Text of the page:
Posted on | March 31, 2012 | 2 Comments
What we call here the “water year” runs from October to the end of September. It’s a useful tool, capturing the fall-winter-early spring water collection season, in which snow builds up in the mountains for later use by humans and ecosystem, followed by the water use season. So the end of March is a nice point at which to take stock.
At my house, I’ve received 3.9 inches (9.9 cm) of precip since Oct. 1, which is dead on the long term average to within the measurement error on my backyard gauge. My precip has largely come in two wet spells, one in October and a two week stretch in December when the storm track inexplicably dropped down on top of us. For a La Niña year, when odds favor dry, I’d say an average first six months counts as excellent news.
But it’s clear that won’t sell. Luis Villa last night pointed to an excellent talk by the ‘net scholar danah boyd about fear and the attention economy. The “attention economy” is the notion that all these ideas are flying about the ‘net in tremendous volume, with eyeballs as the currency, and fear sells. So if I were to try to get your attention using fear attention economy tactics, I might show you something like this:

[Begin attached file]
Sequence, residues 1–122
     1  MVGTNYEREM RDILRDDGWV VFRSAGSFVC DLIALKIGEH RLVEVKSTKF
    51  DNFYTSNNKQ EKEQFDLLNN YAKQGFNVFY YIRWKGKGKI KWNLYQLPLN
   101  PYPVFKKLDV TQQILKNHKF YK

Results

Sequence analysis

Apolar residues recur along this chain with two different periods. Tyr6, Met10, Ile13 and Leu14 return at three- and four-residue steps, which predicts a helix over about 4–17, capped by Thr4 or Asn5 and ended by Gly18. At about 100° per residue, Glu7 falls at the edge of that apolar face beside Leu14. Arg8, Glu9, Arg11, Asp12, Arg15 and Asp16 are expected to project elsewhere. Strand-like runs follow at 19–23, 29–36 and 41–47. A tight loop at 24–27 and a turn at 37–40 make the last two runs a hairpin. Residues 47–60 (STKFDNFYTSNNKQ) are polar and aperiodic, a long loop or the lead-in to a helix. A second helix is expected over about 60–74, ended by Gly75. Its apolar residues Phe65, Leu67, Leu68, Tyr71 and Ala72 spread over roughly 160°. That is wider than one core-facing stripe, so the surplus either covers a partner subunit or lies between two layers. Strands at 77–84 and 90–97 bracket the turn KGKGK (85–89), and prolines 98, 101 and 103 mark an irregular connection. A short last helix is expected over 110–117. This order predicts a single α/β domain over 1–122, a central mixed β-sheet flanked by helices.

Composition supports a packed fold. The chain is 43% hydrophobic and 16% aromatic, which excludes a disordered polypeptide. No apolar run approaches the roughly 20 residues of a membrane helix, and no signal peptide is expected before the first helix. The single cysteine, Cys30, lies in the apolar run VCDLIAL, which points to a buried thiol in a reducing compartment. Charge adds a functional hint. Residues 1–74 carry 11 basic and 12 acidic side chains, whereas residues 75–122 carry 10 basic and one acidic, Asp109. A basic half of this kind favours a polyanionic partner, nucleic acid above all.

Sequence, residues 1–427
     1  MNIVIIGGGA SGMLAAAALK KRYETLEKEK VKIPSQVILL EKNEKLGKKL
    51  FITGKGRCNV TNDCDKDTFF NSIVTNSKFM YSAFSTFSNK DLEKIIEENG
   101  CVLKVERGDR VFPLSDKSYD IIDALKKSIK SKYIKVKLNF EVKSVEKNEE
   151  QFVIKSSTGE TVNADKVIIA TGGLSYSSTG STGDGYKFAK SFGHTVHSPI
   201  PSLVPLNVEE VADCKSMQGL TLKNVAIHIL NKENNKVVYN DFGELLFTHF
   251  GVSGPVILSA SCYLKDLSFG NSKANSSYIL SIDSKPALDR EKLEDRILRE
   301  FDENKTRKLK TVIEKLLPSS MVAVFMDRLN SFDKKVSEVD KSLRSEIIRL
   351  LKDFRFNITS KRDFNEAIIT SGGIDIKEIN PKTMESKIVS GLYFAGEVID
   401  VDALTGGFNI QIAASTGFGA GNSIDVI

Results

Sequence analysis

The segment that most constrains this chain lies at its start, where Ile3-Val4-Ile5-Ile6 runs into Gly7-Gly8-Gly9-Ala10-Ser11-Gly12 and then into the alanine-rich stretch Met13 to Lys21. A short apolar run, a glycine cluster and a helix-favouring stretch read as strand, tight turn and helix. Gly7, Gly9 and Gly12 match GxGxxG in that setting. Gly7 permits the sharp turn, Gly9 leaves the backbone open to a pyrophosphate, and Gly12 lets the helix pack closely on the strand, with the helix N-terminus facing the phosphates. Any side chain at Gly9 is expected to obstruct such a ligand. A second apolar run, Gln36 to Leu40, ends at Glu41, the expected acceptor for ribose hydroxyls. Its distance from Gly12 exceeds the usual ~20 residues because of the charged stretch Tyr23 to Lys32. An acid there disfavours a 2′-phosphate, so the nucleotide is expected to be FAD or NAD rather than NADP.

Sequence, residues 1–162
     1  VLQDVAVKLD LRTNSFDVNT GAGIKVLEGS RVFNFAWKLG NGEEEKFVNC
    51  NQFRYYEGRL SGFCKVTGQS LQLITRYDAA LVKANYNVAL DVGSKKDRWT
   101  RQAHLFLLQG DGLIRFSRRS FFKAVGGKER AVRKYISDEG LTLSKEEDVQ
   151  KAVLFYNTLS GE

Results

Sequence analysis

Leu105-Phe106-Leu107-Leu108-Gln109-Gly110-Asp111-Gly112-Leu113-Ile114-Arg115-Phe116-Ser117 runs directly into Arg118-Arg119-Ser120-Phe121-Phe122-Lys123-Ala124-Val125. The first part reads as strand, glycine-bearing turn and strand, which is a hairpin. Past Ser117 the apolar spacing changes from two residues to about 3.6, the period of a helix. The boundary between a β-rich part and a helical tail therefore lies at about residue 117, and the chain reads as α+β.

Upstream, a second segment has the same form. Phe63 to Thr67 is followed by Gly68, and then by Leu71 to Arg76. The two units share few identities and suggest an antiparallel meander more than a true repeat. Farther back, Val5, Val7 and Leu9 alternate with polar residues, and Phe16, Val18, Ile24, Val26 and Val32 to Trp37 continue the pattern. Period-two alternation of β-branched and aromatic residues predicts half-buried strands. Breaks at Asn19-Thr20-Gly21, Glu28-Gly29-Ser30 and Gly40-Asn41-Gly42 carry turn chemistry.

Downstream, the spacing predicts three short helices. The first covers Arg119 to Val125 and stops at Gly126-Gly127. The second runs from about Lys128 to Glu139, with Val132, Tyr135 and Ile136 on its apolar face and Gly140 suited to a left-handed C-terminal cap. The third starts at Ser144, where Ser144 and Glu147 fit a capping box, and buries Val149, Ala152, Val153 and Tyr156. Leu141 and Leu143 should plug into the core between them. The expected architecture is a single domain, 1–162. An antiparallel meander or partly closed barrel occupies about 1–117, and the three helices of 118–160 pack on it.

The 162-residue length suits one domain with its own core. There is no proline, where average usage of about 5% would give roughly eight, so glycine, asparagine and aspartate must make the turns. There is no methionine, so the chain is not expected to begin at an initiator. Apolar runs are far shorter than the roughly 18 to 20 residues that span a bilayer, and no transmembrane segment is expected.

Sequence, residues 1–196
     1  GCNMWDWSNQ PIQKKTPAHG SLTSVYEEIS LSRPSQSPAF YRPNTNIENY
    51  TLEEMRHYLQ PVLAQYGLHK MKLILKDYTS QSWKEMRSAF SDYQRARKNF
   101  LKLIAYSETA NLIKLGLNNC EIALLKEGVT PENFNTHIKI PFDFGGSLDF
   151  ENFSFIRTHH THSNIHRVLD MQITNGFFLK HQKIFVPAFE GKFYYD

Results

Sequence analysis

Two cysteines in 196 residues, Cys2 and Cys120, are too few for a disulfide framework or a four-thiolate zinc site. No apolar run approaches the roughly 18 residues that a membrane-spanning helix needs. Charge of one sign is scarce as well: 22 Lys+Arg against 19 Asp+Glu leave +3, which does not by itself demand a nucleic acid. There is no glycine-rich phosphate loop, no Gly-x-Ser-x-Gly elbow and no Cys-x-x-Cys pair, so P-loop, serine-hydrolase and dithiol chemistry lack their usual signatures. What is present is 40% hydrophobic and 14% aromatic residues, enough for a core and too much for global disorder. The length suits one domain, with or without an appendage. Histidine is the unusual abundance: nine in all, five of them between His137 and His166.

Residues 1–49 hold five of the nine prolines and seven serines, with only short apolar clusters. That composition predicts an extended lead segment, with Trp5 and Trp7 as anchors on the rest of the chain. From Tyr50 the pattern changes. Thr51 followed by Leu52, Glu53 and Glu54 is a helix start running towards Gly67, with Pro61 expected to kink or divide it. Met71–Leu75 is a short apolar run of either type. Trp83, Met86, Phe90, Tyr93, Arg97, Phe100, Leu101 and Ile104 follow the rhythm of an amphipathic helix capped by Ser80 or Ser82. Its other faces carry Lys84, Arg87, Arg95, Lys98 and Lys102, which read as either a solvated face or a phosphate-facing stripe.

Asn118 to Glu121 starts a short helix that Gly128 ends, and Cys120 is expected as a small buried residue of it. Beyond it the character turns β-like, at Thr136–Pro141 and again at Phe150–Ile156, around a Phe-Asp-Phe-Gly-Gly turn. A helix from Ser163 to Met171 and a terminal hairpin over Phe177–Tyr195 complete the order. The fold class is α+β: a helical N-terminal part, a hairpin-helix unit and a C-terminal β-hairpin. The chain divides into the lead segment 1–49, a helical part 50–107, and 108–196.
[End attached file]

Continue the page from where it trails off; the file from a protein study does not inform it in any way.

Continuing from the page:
That’s percent of normal March precip via the Weather Service’s Advanced Hydrologic Prediction Service. Check out the color scheme. These folks get the fear economy.
Or this, which is NRCS snowpack data above Lake Powell (essentially the whole Upper Colorado Basin) as assembled and shared by the NWS Colorado Basin River Forecast Center. The fear economy tactics are a bit more subtle, but see that diving green line? That’s snowpack dropping a month early. Normally during March it goes up. This year it has not. I check this every day and it scares me and makes we want to check it again tomorrow. The fear attention economy in action.
Or less fearfully, Lake Mead’s currently up 33 feet from last year at this time, because some years are wet while others are dry, and during those wet years we spend some of our water filling the reservoirs so we have water to use when it gets dry. (Note that I had a hard time finding a non-fearful picture here, because even those from my latest visit to Lake Mead last December still show a big bathtub ring despite the rising levels.)